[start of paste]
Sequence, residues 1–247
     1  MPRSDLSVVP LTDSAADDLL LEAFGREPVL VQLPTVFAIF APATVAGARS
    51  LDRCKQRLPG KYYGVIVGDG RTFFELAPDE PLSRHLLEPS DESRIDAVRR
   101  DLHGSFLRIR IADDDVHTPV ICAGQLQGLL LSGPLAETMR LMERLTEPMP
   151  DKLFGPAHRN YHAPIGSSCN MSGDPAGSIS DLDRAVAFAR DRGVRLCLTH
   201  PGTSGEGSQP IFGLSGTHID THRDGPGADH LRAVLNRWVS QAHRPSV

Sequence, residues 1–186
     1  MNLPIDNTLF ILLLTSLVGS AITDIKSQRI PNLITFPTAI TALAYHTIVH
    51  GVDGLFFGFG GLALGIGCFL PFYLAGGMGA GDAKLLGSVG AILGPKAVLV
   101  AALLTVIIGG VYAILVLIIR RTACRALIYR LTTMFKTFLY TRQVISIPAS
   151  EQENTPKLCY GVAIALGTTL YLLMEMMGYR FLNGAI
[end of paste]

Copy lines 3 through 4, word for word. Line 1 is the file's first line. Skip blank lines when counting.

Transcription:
    51  LDRCKQRLPG KYYGVIVGDG RTFFELAPDE PLSRHLLEPS DESRIDAVRR
   101  DLHGSFLRIR IADDDVHTPV ICAGQLQGLL LSGPLAETMR LMERLTEPMP